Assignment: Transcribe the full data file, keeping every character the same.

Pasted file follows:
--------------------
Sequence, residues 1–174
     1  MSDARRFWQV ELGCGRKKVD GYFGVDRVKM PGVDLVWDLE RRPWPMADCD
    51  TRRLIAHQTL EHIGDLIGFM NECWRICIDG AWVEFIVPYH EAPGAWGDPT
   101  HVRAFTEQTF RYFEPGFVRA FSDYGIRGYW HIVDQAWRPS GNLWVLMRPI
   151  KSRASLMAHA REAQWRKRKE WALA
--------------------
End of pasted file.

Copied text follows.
Sequence, residues 1–174
     1  MSDARRFWQV ELGCGRKKVD GYFGVDRVKM PGVDLVWDLE RRPWPMADCD
    51  TRRLIAHQTL EHIGDLIGFM NECWRICIDG AWVEFIVPYH EAPGAWGDPT
   101  HVRAFTEQTF RYFEPGFVRA FSDYGIRGYW HIVDQAWRPS GNLWVLMRPI
   151  KSRASLMAHA REAQWRKRKE WALA